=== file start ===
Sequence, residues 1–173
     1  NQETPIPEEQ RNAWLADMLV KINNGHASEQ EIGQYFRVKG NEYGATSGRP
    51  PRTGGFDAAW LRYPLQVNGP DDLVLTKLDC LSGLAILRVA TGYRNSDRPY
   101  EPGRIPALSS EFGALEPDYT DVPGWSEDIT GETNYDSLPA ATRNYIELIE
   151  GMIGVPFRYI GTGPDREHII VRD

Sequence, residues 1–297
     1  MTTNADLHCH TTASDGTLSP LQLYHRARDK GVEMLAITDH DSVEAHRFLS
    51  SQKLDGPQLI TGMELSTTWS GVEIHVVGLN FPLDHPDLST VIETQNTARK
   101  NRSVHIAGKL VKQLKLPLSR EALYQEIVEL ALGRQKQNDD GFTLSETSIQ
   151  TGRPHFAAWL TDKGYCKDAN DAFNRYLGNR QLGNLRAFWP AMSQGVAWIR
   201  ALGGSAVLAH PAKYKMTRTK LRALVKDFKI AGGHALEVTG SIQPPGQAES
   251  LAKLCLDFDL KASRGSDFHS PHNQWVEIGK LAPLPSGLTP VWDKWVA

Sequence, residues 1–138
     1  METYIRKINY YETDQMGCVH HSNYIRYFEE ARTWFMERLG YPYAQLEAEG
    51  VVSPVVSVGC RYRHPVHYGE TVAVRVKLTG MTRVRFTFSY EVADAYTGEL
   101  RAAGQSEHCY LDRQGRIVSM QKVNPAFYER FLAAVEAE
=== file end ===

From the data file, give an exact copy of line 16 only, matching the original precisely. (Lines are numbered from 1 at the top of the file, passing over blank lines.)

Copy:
   101  RAAGQSEHCY LDRQGRIVSM QKVNPAFYER FLAAVEAE